This web page shows only a small excerpt of our Newborowe research. Another 205 words (15 lines of text) covering the years 126 and 1267 are included under the topic Early Newborowe History in all our PDF Extended History products and printed products wherever possible.

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Newborowe Early Notables (pre 1700)


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Newborowe Early Notables (pre 1700)



More information is included under the topic Early Newborowe Notables in all our PDF Extended History products and printed products wherever possible.

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The Great Migration


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The Great Migration



The unstable environment in England at this time caused numerous families to board ships and leave in search of opportunity and freedom from persecution abroad in places like Ireland, Australia, and particularly the New World. The voyage was extremely difficult, however, and only taken at great expense. The cramped conditions and unsanitary nature of the vessels caused many to arrive diseased and starving, not to mention destitute from the enormous cost. Still opportunity in the emerging nations of Canada and the United States was far greater than at home and many went on to make important contributions to the cultures of their adopted countries. An examination of many early immigration records reveals that people bearing the name Newborowe arrived in North America very early: E. P. Newbrough settled in San Francisco in 1850; Thomas Newberry settled in New England in 1630; John Newberry settled in New York in 1775.

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Newborowe Family Crest Products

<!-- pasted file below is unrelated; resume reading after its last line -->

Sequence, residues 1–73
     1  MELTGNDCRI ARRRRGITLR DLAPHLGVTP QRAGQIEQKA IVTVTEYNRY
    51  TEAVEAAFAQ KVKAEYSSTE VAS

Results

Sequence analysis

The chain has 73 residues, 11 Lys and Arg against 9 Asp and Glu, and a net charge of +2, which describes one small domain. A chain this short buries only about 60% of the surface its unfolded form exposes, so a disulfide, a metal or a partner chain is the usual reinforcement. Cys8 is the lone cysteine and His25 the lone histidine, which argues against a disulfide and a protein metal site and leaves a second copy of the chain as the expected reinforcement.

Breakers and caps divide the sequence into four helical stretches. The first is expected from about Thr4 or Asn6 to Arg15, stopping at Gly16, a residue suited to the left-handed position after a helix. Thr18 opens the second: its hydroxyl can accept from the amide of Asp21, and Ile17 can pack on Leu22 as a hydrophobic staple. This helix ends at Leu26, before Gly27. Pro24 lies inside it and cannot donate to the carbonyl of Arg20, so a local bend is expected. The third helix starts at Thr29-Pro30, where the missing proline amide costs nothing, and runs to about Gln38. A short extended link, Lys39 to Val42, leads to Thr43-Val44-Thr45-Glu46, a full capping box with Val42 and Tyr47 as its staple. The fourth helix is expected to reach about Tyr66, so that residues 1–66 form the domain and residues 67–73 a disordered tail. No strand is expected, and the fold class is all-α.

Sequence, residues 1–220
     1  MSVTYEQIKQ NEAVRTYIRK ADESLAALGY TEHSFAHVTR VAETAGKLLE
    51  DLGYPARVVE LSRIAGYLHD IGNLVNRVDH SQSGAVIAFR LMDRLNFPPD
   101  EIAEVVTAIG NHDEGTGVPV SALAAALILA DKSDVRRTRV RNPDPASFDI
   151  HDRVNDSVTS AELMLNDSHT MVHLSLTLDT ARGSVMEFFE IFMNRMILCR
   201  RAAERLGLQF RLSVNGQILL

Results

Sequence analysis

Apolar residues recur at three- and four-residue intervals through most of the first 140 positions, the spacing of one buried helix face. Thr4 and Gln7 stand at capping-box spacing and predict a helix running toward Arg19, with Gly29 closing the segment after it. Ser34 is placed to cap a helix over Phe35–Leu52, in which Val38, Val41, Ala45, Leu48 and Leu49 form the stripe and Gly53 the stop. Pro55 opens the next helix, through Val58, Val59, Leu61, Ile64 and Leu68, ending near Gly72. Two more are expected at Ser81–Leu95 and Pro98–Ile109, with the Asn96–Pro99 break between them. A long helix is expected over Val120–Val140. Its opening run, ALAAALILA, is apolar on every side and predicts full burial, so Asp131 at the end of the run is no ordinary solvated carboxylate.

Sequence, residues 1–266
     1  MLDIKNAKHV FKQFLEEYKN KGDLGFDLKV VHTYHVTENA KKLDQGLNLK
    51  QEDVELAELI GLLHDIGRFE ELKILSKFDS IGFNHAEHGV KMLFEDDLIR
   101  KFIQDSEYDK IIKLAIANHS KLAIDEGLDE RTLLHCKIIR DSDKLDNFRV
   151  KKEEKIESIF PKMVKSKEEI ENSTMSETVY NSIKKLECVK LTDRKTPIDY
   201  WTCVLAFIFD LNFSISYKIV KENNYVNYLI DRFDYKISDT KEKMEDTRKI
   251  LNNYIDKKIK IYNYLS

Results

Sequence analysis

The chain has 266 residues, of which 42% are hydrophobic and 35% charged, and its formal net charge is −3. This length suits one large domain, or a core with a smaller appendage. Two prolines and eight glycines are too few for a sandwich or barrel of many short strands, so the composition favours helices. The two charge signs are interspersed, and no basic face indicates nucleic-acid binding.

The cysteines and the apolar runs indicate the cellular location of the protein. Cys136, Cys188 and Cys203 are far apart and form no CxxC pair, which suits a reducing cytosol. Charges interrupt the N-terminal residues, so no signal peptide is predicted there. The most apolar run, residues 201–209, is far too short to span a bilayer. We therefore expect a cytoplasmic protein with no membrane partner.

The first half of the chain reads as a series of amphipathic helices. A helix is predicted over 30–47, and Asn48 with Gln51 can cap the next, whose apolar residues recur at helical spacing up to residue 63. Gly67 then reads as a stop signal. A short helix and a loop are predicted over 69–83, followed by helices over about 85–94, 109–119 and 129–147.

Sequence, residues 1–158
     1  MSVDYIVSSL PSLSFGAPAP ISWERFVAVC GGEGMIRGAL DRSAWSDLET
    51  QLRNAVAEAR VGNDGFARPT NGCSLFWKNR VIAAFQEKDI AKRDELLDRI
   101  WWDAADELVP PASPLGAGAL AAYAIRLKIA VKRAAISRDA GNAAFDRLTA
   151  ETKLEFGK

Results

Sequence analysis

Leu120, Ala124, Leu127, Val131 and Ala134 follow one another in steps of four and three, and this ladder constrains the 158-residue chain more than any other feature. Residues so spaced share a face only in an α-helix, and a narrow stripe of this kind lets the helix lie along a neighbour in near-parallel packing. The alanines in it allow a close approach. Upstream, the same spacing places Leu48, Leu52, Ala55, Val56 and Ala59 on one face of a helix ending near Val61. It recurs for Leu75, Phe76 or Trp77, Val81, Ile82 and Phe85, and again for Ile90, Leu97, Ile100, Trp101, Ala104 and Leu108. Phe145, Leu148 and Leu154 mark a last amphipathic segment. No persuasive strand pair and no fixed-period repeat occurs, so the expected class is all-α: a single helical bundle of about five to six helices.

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Newborowe Family Crest Products




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See Also


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See Also




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Citations


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Citations



  1. ^ Mills, A.D., Dictionary of English Place-Names. Oxford: Oxford University Press, 1991. Print. (ISBN 0-19-869156-4)
  2. ^ Lowe, Mark Anthony, Patronymica Britannica, A Dictionary of Family Names of the United Kingdom. London: John Russel Smith, 1860. Print.
  3. ^ Lewis, Samuel, A Topographical Dictionary of England. Institute of Historical Research, 1848, Print.

Other References

  1. Filby, P. William and Mary K Meyer. Passenger and Immigration Lists Index in Four Volumes. Detroit: Gale Research, 1985. Print. (ISBN 0-8103-1795-8).
  2. Humble, Richard. The Fall of Saxon England. New York: Barnes and Noble, 1975. Print. (ISBN 0-88029-987-8).
  3. Zieber, Eugene. Heraldry in America. Philadelphia: Genealogical Publishing Co. Print.
  4. Robb H. Amanda and Andrew Chesler. Encyclopedia of American Family Names. New York: Haper Collins, 1995. Print. (ISBN 0-06-270075-8).
  5. MacAulay, Thomas Babington. History of England from the Accession of James the Second 4 volumes. New York: Harper and Brothers, 1879. Print.
  6. Foster, Joseph. Dictionary of Heraldry Feudal Coats of Arms and Pedigrees. London: Bracken Books, 1989. Print. (ISBN 1-85170-309-8).
  7. Holt, J.C. Ed. Domesday Studies. Woodbridge: Boydell, 1987. Print. (ISBN 0-85115-477-8).
  8. Colletta, John P. They Came In Ships. Salt Lake City: Ancestry, 1993. Print.
  9. Williams, Dr Ann. And G.H. Martin . Domesday Book A Complete Translation. London: Penguin, 1992. Print. (ISBN 0-141-00523-8).
  10. Reaney P.H and R.M. Wilson. A Dictionary of English Surnames. London: Routledge, 1991. Print. (ISBN 0-415-05737-X).
  11. ...

The Newborowe Family Crest was acquired from the Houseofnames.com archives. The Newborowe Family Crest was drawn according to heraldic standards based on published blazons. We generally include the oldest published family crest once associated with each surname.

This page was last modified on 8 July 2016 at 12:46.